Russ's Review of the White Prototype

Milky Milky

Mark kindly lent me one of the prototype Milk bikes to try out for a weekend. I got the flat barred one,  medium frame, 8 speed Alfine, Avid BB 7 cable discs, front hub dynamo with Supernova lighting and one of those nice belt drive systems.

I commuted around 3000 miles last year on a Dawes Audax but that has a few limitations as a serious commuter – primarily 25c max tyre size and the normal road brakes which are poor in rain or foggy conditions. The transmission has also been completely replaced in the four years that I’ve had it, and some components more than once (ISIS BB anyone)?

I remember answering Mark’s original “perfect commuter” questionnaire a while ago so was keen to see what he’d come up with.

First Impressions:
It looks like a proper bike – slightly sloping top tube, but pretty much a traditional geometry. Not a hint of toe overlap, even with the SKS mudguards on.

The Pearl White paint is lovely, and hard wearing as it turns out. Attention to detail on cabling etc is fantastic, and the compact Tubus rack a nice detail. Easton finishing kit is the usual high standard.

It’s not the lightest bike ever, but considering it is fully equipped with lights, rack, disc brakes and a toolkit it is not overly heavy either.

On The Road:
First off it’s almost silent. The belt drive is a dream, and gives an almost Fixed feel to the transmission as there’s no backlash in the drivetrain. There’s also no chain grease or oil to glue grit to the bike or wear out the transmission.

The Alfine hub shifts instantly and can be shifted without pedalling which is great at the lights. There’s no freewheel noise either. The Alfine shifter works in reverse to a normal one which takes a slight bit of getting used to but the big Plus sign on the up shifter is a good idea.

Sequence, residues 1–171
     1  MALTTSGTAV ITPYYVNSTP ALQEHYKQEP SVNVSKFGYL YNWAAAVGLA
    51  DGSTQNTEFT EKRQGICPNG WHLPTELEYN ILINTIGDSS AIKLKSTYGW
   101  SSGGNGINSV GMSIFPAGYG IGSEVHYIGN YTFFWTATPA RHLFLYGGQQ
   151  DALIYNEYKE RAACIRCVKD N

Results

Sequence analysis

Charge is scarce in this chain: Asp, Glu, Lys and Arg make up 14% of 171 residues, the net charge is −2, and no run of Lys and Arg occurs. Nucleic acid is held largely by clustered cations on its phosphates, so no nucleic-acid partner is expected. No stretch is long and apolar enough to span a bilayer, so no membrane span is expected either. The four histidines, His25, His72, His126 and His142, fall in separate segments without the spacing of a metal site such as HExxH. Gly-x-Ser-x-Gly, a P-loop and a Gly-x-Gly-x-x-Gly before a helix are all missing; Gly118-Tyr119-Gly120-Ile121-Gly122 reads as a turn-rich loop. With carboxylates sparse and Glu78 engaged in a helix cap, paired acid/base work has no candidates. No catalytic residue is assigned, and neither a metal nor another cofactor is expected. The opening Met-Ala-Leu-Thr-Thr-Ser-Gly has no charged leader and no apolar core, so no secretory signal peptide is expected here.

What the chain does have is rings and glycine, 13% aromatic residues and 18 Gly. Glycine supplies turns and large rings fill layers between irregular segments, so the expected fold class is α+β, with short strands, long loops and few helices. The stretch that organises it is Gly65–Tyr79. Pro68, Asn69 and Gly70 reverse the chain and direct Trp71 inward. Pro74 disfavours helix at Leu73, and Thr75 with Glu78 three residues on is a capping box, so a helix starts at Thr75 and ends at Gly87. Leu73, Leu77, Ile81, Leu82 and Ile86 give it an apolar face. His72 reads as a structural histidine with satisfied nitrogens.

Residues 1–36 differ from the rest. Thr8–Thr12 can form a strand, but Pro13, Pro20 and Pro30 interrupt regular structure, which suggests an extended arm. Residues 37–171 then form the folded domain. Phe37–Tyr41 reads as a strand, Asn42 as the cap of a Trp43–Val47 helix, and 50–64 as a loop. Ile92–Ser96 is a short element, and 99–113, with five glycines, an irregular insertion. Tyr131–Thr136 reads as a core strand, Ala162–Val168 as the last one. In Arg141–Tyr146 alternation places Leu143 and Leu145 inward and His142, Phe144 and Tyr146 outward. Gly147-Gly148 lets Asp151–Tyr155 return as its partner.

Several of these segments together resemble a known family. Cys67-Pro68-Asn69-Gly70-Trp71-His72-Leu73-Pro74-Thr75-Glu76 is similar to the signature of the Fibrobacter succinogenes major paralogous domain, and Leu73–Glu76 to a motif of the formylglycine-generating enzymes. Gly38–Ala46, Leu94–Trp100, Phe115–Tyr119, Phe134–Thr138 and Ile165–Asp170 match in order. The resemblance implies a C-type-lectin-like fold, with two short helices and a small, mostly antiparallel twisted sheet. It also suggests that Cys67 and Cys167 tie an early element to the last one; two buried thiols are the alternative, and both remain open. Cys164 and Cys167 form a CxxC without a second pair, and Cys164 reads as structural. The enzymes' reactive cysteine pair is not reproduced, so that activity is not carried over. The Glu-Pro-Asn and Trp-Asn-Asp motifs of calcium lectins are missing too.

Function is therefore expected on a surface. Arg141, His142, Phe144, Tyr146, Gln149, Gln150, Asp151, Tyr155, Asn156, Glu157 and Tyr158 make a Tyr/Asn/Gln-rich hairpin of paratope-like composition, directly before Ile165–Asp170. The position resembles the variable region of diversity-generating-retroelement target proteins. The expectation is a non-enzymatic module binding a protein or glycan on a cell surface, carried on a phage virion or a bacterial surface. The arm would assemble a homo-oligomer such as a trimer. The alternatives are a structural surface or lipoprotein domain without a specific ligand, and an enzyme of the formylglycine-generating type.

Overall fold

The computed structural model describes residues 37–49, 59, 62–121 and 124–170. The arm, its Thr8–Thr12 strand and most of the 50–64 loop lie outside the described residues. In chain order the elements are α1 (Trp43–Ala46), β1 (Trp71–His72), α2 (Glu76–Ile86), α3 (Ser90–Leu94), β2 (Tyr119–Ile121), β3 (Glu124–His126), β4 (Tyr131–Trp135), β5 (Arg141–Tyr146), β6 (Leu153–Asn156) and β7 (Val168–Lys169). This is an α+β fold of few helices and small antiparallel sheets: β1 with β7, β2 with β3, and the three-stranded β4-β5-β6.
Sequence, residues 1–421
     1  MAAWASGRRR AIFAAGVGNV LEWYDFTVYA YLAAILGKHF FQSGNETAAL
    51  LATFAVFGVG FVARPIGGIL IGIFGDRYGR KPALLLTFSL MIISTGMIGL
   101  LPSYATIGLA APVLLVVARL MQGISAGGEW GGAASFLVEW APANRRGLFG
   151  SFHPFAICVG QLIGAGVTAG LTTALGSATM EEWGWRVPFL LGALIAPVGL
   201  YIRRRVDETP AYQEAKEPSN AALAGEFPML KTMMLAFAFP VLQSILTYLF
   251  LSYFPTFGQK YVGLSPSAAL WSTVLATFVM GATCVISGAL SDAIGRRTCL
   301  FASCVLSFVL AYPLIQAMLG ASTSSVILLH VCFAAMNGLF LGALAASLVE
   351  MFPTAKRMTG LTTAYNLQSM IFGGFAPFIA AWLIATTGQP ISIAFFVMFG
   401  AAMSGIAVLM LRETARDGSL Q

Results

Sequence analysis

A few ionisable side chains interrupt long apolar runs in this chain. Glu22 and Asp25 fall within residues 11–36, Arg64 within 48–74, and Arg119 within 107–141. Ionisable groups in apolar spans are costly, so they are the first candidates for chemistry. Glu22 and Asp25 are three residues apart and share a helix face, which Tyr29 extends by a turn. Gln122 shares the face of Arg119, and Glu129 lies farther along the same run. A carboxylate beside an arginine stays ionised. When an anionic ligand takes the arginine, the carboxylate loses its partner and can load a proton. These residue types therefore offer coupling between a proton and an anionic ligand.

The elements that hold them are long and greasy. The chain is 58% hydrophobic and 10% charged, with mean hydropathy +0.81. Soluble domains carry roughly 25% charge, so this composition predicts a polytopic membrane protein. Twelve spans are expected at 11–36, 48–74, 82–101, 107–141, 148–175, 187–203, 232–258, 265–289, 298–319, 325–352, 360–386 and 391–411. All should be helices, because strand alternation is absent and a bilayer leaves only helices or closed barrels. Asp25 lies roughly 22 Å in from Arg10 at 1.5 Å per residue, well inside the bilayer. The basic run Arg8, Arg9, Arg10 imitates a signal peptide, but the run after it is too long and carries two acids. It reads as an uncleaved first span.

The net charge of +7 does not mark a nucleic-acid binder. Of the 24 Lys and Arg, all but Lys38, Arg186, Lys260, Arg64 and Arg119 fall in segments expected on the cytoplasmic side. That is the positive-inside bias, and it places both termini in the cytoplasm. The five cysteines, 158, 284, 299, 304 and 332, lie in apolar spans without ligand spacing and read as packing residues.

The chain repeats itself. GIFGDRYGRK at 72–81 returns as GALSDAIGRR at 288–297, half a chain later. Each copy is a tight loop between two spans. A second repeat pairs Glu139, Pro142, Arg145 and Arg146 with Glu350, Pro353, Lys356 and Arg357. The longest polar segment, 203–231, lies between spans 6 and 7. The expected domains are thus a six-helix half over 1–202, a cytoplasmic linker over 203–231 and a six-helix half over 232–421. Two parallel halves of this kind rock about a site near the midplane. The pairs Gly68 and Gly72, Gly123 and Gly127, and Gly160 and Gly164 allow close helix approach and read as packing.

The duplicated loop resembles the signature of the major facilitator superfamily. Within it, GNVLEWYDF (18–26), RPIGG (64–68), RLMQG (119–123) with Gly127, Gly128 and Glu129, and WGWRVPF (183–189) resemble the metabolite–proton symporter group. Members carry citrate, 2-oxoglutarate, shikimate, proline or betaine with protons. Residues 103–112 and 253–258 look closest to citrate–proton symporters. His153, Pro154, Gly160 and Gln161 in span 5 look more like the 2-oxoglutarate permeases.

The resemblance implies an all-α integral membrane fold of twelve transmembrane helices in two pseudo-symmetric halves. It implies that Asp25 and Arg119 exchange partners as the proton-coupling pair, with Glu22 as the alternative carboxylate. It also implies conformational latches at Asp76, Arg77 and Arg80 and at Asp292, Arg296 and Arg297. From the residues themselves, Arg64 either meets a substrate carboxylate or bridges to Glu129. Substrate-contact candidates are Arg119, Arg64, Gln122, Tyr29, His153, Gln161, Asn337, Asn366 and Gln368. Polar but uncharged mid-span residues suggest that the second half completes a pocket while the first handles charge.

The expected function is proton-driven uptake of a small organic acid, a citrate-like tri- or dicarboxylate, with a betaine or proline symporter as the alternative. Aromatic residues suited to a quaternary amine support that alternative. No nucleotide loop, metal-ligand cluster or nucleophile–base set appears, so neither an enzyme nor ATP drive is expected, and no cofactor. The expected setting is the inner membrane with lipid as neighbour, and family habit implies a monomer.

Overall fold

The ride is super comfy on the 700x32 Continental Touring and pot hole avoidance becomes much less of a necessity. I chose to swap the Brooks saddle for one of my own for testing so can’t comment on that.

The flat barred version leans towards an MTB feel at the front – especially when up out of the saddle. I found the original bar position a little so high so I’d flipped the stem which suited me better. I found the initial response to steering input was sharp but the bike was never twitchy probably due to the overall wheelbase being fairly long.

There was plenty of braking performance available from the Avid BB7’s although that took a bit of a mindset change from grabbing as much as you can to stop on my normal bike. I didn’t get to try them in the wet.

Having the dynamo front light on at dusk was reassuring, as was not having to worry about the battery as I currently have to on my three hour round trip to work. The rear Fibre Flare and reflective sidewalls on the tyres are also nice details on a commuter at this time of year.

There are also three sets of bottle bosses and a set of rack bosses as standard, one of the bottles currently holding a toolkit.

I put around 30 miles on it over the weekend before an unseen patch of black ice sent me crashing down and ending the ride with an injured hand. To my relief, the only mark on the bike was a slight scuff on the rear rack!